Tom Tierney's first paper doll book, cover image from The Judy Garland Database
In 1978, Dover Publications Inc. contacted Tom and proposed that he do some paper doll books for them. During the '80s Tom and Joyce McClelland published a series of paper doll folios under the imprimatur of "Fine Arts Limited Editions". These folios included a series of famous stage and screen personalities as well a several folios on famous women authors. In 1994 he began an association with B. Shackman Inc. Publications in addition to his affiliation with Dover.
The New York Times reviewed Tom Tierney's work thrice: he is the only paper doll artist to have a review in their Literary Section. He appeared on several TV programs and featured in a number of major newspaper's articles, all about paper dolls.
In an interview published on the website of Dover Publications, he said about them: " I don't mean to boast, but I'm rather proud of having made them into something more than just kids' stuff. My books can be a way to discover things that you weren't taught in school. And I like to think that they bring their subjects to life for readers, just the way they do for me when I work on them. Sometimes I receive very touching letters, especially from students. Recently, I heard from a young man who said that he wanted to thank me for his career. It seems his sister had given him one of my books when he was a child, and he was so taken with my art that he studied and imitated my style. He ended up going to art school, getting a degree, and finding a job as a corporate artist—and he gave me credit for guiding him toward what turned out to be a very rewarding choice of professions. I must say, it's been a satisfying career for me, so if I can help influence young artists, then my work is all the more worthwhile. They started out as a lark, but when the jobs for fashion illustrators began to decline, the paper dolls stepped in and gave me a full-time living. As in any profession, you have to keep ahead of the crowd and learn how to adapt to changing times. I produce one Dover book every month, on the average. It's a lot of work—but I enjoy it, so my work is my pleasure."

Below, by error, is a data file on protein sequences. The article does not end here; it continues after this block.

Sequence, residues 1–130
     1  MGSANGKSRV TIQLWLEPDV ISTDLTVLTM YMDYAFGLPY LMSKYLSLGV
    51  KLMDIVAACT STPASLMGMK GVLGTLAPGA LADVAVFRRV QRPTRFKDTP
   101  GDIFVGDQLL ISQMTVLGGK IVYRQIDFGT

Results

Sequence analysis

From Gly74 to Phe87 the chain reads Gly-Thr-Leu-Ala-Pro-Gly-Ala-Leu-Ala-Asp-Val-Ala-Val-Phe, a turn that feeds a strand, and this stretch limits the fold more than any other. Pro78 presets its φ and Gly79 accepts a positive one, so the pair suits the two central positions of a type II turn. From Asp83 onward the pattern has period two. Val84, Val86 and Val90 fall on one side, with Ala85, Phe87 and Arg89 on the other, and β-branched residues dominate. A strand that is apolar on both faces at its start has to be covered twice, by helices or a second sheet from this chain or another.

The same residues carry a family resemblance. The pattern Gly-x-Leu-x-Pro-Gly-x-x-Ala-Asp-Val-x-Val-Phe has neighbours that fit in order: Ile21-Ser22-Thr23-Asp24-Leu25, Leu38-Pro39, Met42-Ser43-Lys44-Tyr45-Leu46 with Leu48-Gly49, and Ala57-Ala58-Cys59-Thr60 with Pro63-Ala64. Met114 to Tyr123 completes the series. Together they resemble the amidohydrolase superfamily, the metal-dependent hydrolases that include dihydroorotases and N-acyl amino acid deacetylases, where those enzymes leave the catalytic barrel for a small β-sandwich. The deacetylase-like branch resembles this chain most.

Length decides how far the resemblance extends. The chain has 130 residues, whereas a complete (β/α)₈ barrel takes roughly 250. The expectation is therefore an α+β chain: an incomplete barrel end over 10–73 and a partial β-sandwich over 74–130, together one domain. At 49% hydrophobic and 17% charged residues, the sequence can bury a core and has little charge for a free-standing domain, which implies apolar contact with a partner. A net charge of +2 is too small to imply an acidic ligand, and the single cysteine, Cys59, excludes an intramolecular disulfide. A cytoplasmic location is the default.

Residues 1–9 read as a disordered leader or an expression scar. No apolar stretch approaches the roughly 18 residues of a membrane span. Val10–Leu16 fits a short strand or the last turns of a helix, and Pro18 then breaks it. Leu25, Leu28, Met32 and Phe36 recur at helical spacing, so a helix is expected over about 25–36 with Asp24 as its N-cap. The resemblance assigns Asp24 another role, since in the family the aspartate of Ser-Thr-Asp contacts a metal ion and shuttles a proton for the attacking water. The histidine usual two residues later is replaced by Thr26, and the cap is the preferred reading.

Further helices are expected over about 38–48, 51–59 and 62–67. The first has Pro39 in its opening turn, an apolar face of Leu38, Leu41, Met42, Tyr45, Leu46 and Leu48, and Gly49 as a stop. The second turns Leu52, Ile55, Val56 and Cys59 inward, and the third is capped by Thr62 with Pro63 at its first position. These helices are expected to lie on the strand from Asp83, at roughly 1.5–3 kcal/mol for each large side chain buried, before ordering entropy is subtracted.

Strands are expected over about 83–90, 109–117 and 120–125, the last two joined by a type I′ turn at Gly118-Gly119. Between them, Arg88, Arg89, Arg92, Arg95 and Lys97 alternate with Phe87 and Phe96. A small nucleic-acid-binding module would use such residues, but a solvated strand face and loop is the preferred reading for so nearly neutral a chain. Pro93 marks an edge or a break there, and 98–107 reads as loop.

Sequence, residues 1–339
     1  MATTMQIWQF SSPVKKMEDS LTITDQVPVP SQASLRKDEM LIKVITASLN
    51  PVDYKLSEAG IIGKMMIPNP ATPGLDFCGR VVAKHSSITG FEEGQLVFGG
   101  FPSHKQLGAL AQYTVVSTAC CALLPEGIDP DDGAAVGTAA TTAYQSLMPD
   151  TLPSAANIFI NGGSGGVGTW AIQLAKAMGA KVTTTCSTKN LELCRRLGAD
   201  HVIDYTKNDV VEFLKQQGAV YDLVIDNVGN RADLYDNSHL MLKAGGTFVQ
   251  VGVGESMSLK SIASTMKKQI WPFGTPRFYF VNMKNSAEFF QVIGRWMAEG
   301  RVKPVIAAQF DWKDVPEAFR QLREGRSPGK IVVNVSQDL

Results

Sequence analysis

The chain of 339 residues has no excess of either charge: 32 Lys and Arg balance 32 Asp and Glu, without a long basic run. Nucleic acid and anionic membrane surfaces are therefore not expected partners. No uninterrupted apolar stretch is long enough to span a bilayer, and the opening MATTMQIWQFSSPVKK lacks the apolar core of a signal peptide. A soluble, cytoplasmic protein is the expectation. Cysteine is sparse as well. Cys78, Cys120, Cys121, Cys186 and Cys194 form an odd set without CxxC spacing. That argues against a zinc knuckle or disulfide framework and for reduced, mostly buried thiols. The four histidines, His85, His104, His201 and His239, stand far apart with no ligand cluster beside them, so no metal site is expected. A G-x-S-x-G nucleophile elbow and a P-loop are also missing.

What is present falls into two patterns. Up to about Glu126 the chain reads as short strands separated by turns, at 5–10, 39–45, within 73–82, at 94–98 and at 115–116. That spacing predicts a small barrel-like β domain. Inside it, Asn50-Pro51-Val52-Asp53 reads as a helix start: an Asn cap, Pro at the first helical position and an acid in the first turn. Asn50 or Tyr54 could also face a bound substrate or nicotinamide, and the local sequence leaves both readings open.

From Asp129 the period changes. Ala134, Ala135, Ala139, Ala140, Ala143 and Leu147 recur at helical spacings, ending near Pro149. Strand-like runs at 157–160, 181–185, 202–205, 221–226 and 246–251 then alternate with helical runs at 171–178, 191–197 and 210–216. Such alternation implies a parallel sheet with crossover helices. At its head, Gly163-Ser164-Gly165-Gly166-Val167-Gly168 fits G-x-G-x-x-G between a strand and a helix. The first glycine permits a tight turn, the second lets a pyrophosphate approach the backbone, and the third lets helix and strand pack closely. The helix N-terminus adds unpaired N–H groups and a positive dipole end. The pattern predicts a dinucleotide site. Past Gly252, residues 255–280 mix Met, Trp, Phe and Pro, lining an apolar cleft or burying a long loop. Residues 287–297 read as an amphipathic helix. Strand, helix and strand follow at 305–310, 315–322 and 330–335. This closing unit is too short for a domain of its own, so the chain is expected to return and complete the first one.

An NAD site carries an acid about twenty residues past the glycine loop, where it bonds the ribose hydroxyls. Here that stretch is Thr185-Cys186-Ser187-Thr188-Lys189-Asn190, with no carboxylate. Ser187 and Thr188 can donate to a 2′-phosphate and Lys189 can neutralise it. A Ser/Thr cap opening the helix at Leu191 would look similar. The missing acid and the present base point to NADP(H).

Tierney published around 400 paper doll books, most of them with Dover Publications, and sold more than four million copies. Adults, even more than children, became his fans and started collecting the perfectly drawn and fastidiously detailed creations. He's the one credited with resuscitating the art of the paper doll: breathing new life into it, he pushed it into the modern era and inspired many younger designers who keep on the flame. He was not afraid to push the boundaries of his metier, publishing in the late 70s a book with gay paper dolls called Attitude; years later he did one with cross dressers and drag queens like Ru Paul. He died on July 12th, 2014, 85 years old. He will be sorely missed.
Biography data from Tom Tierney Paper Dolls